Along the way, he ticked off a checklist of statistics, claims, and promises designed to galvanize his colleagues on the right side of the aisle. The most prominent parts of the speech touted the strong economy, celebrated the administration’s crackdown on immigration, and decried an alleged Democratic attempt to engineer a socialist takeover of healthcare.

One phrase that didn’t pass the president’s lips — to nobody’s surprise — was climate change.

Trump devoted just a few seconds of his address to energy and environmental issues: first by celebrating the massive oil and gas boom that has made the U.S. a net exporter of oil, and later by reiterating his commitment to joining an international initiative to plant one trillion trees worldwide.

The president took credit for the recent increase in domestic fossil fuel production, suggesting that it was his administration’s “bold regulatory reduction campaign” that made the U.S. the top producer of oil and natural gas in the world. But the U.S. actually reached that milestone under the Obama administration. Thanks to the explosion in fracking beginning in 2008, the U.S. became the top producer of natural gas in 2009 and of oil in 2013, according to the Energy Information Administration.

The president then went further, claiming that the boom has made the U.S. “energy independent” — ignoring the fact that the country is still subject to the global oil market, and that turbulence in the Middle East and elsewhere has the ability to affect gas prices in the U.S.

The dramatic increase in stateside oil and gas extraction has also generated environmental and public health consequences that went unacknowledged in Tuesday’s address. Though U.S. emissions likely fell by about two percent last year, those reductions are nowhere close to the cuts required to meet the targets set under the international Paris Agreement, which scientists say are essential to avoiding the most catastrophic effects of climate change. Research also suggests that increased pollution from the oil and gas boom could reverse that fragile progress.

Energy and environment have never been a point of emphasis in Trump’s State of the Union addresses. In 2018, the president devoted just two brief sentences to energy independence, focusing instead on immigration and tax cuts. Last year, too, energy and environmental policies were largely absent from his speech, save the passing mention of “an American energy revolution.”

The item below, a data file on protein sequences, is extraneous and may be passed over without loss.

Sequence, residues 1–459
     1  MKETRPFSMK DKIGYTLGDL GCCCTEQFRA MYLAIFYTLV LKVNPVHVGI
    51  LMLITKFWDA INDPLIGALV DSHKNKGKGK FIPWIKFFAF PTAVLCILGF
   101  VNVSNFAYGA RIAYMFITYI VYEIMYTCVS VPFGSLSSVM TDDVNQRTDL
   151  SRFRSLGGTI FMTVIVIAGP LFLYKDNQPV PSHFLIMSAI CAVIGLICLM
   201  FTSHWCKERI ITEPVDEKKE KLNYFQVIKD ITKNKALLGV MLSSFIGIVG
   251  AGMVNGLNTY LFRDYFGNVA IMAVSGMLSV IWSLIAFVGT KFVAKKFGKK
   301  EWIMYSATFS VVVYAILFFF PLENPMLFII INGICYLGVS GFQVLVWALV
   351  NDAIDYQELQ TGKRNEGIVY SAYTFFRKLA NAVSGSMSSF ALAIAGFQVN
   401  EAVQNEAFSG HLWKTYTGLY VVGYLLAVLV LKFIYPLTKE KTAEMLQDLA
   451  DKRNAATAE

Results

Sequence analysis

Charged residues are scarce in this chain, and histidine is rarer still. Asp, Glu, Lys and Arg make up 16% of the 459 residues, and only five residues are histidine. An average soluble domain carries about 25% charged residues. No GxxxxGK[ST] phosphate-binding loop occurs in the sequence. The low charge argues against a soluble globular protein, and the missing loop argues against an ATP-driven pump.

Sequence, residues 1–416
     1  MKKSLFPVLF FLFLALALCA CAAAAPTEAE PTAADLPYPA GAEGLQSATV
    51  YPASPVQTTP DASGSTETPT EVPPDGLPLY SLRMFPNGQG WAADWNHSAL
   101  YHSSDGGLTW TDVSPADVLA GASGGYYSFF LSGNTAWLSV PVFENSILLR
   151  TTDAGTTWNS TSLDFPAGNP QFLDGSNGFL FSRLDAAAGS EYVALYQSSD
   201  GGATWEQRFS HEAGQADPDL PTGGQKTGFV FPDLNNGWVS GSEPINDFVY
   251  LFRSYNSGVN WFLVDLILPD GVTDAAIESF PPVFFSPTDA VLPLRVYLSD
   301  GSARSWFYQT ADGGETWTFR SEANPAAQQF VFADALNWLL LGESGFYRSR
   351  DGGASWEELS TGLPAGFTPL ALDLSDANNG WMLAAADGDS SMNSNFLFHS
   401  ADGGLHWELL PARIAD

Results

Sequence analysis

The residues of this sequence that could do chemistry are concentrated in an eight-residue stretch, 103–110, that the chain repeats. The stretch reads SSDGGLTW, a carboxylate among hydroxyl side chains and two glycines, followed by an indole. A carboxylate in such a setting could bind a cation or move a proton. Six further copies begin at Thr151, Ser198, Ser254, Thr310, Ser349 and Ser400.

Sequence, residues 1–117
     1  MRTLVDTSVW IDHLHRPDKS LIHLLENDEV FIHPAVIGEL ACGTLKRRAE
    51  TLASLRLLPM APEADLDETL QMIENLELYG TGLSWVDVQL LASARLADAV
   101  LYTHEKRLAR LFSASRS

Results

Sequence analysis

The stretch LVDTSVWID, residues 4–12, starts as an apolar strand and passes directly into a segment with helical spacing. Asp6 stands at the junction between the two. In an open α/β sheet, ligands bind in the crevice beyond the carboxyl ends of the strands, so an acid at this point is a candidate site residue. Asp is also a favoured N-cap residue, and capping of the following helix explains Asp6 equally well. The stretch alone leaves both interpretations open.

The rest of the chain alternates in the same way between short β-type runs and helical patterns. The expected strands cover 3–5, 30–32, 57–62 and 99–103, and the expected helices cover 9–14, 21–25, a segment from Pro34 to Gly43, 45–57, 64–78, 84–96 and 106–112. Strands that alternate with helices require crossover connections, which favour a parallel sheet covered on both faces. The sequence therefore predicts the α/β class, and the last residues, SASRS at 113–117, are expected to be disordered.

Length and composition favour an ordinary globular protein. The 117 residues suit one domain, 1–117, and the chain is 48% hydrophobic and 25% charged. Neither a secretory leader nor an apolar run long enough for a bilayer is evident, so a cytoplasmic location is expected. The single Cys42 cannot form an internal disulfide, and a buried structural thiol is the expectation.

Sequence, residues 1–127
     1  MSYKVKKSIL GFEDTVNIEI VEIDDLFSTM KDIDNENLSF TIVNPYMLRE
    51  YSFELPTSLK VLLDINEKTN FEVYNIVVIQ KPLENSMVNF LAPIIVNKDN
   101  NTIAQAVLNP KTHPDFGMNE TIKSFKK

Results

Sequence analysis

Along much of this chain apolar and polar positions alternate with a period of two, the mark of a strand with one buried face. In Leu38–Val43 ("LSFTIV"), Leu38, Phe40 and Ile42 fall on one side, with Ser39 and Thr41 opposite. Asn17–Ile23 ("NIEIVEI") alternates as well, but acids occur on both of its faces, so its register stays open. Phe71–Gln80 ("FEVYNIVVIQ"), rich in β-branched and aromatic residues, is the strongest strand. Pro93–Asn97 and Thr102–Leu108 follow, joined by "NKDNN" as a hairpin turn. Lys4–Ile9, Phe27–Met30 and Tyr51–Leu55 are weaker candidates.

The Trump administration’s decision to join the World Economic Forum’s initiative to plant one trillion trees worldwide is likely too little, too late. For one, if the U.S. is to compensate for all its 2019 emissions, it would need to plant trees on 371 million acres. That’s double the size of Texas.

Successful reforestation programs have also been hard to implement. Last year, Turkey planted 11 million trees, but according to reports from the country’s agriculture and forestry trade union, the vast majority of the saplings inspected died within just a few months. Trees also take decades to reach their full carbon-combating potential. Trees planted today may not reach full growth for 40 years or more — and that’s assuming they survive disease, wildfires, and droughts.

Then there’s the challenge of accurately monitoring and calculating the amount of carbon dioxide that the trees are pulling out of the air. Reporting by ProPublica and other research has found that many programs have grossly overestimated the emissions reductions from reforestation.

In fact, scientists have suggested that when it comes to climate change, conserving current trees is more helpful than planting new ones. Given that the Trump administration expanded logging in Alaska’s Tongass National Forest just a few months ago, one might be tempted to rip up Trump’s speech in frustration — if House Speaker Nancy Pelosi had not already done precisely that at the end of the address.